Everything old is new again

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parliament

By Font PR Strategic Partner Paul Arnold

While the resignation of State Minister, Matthew Groom comes as a shock, it is not surprising to the casual observer. State ministers are under enormous pressure hour by hour, day by day, week by week. Not surprising the workload and pressure takes its toll on any reasonable person somewhat connected to the world of government administration. I admire every Minister that takes on such a workload, and I am sure most people would commiserate with them, if they were aware of their hideous work/life balance.

The portfolio coverage by the eight ministers in this state, is burdensome and unrealistic by any measure. Any other workplace would not be allowed to overburden staff in such a manner. Sadly, the minority public pressure over the years has indicated that we, the people, would like less politicians, but the corollary of that, is more public servants are required, who end up running the state.  As a result, portfolio outcomes are often determined by unelected public servants, and hence the minister, under the Westminster system, takes the fall or otherwise, for the outcomes. One small hiccup across the widest of portfolios can result in ministers being required to take the walk of shame. This is wrong on every count.

One of the greatest problems with so few ministers, is that little major reform can occur. The ministers are too thinly spread to start major reform. Yet the state desperately needs reform on so many fronts…TasWater, local government, energy, State Growth/infrastructure, state taxation, transport, TAFE, port & rail, ICT, industrial relations, workplace health and safety, to name just a few.

Surely it has come time to revisit the size of parliament, and bring some sense back to the distribution of portfolios, which would allow much needed reform to be actively pursued. A short term majority government has 13 members at best, under the outdated Hare-Clark system, but in reality, there should be at least 13 ministers or more, with a robust backbench.

While we have enjoyed majority government for the past three years, there is genuine fear that we are heading towards minority government again and that would be disastrous for business confidence and outcomes.

It follows that minority government brings chaos, with even more accountability shifted to public servants, and there can be little realistic accountability or reform in portfolio outcomes. Not much wonder that minority governments are a guarantee of inaction, and generally result in a major lack of business confidence.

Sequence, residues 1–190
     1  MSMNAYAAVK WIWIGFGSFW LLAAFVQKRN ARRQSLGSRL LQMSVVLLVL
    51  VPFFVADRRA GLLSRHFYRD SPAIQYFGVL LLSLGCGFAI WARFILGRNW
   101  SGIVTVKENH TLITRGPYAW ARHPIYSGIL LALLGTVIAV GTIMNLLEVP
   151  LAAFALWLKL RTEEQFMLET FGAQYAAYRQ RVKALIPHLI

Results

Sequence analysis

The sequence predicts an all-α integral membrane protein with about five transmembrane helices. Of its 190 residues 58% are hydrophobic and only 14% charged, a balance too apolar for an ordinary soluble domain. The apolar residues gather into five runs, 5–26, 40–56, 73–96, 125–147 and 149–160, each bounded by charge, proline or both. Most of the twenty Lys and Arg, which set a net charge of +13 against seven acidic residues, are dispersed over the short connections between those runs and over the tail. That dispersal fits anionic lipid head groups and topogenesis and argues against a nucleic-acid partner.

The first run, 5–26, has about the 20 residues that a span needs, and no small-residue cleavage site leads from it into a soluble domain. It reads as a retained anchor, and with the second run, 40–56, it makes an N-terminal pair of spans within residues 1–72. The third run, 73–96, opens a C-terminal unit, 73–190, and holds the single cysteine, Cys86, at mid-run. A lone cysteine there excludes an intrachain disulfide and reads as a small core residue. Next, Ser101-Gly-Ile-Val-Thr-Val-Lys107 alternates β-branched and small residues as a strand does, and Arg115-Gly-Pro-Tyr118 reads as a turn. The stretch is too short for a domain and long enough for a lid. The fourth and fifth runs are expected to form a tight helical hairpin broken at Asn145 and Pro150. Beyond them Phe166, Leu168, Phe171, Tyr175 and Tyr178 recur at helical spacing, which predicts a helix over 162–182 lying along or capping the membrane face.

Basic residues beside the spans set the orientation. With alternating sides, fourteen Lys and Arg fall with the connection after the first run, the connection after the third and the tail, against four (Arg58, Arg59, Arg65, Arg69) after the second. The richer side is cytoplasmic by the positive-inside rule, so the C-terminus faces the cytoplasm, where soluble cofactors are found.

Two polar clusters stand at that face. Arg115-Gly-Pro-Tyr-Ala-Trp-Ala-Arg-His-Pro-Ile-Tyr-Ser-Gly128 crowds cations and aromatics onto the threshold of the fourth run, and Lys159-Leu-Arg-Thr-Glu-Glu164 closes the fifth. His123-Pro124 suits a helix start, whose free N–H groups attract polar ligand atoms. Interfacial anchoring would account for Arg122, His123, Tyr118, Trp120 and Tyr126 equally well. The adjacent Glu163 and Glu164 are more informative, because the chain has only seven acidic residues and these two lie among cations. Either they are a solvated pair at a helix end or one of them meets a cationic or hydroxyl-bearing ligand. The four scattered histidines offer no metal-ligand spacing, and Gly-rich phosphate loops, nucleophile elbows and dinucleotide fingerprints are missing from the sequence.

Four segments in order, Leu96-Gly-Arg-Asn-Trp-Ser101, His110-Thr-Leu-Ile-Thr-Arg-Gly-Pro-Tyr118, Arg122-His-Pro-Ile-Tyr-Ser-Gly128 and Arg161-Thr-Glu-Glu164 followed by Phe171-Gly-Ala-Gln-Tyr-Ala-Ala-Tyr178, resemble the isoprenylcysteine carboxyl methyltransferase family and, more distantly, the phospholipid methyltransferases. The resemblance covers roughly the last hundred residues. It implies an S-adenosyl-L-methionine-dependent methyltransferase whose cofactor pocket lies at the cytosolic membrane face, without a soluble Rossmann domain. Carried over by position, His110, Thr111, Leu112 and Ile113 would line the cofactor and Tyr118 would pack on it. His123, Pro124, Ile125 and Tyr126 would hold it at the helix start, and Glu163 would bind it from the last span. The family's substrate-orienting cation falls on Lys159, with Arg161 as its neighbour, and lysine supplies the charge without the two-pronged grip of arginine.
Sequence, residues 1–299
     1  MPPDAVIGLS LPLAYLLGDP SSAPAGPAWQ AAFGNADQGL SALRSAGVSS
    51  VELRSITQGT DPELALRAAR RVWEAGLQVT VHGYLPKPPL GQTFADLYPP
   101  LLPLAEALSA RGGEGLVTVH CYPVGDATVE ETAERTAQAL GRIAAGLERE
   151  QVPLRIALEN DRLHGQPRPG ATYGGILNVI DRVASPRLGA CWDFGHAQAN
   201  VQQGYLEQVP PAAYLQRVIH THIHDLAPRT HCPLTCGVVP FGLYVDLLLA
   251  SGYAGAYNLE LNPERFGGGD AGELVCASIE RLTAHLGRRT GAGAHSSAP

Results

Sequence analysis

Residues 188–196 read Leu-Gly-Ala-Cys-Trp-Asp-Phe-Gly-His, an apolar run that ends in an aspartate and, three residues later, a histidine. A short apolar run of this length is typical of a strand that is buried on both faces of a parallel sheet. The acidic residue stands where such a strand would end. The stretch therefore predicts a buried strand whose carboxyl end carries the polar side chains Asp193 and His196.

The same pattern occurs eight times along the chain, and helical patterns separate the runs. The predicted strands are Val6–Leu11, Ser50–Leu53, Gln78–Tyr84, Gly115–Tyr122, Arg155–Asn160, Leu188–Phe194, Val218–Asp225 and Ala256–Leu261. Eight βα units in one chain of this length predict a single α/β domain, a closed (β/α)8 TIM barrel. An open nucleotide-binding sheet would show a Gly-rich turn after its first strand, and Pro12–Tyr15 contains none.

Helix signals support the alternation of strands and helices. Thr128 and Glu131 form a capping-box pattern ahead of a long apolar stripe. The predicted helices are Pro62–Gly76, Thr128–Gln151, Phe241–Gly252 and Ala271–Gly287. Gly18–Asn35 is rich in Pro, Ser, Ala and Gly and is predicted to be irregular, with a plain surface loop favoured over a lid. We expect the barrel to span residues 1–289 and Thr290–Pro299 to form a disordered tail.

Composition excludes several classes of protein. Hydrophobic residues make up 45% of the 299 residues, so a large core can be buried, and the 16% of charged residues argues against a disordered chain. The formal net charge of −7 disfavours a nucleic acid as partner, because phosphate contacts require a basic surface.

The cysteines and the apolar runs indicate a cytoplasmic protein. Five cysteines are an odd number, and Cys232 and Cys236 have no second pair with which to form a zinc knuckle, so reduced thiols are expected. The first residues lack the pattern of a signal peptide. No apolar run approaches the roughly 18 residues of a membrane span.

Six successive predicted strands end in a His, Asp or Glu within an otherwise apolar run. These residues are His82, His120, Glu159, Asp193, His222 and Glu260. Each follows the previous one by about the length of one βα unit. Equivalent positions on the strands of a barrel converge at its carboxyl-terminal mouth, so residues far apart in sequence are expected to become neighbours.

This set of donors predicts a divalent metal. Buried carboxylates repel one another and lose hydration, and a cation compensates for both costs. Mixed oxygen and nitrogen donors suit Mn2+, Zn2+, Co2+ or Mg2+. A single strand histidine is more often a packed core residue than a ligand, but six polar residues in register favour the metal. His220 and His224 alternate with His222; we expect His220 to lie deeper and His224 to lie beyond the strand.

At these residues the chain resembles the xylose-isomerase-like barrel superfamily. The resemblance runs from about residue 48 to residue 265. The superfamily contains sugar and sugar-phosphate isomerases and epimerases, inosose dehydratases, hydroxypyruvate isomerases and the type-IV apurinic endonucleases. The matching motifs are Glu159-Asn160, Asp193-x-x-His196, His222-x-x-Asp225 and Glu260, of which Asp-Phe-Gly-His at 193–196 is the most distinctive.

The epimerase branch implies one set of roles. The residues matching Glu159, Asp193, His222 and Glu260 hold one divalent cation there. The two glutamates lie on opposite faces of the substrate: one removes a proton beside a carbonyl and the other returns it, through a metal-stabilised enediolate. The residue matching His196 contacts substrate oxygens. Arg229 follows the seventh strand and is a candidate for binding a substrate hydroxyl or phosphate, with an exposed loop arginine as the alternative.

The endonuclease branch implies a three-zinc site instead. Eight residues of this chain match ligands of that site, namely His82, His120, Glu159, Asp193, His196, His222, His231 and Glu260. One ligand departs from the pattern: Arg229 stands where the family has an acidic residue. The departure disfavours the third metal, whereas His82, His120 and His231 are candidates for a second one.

When opposition parties can hold their meetings in a ‘telephone booth’, we the people are also poorer for the result. Every good government needs a good opposition, as well as an ambitious backbench.

So, it’s time. Bring on greater numbers of elected members to the House of Assembly and do it now.

Thirty five members would give a good ministerial shared workload, a more robust backbench to choose from, and a larger opposition party with better performance all round.

The electorates that give rise to majority governments being formed have been crucial for stability. The North West Coast delivers significant retribution on poor performing members and gives great confidence for majority government. This same electorate is desperate to see the fruits of a broader ministerial portfolio distribution, so that some, just some, of the enormous potential of the North West can be harnessed. The world is our ‘oyster’, if only we could clear the barriers, bring on reform and grow our parliament to a proper number, with half decent workloads.  By delaying return to the greater number, we are kidding ourselves, and we will stagger forward into a misty future.

Time to return to the old, so that we can be new again….

1 Comment

  • Ronald Gifford says:

    perhaps we need to go further, increase the size of the parliament to accommodate a more robust government and opposition, and simultaneously reduce the local government sector to three regional councils! On investigation it may be cost neutral

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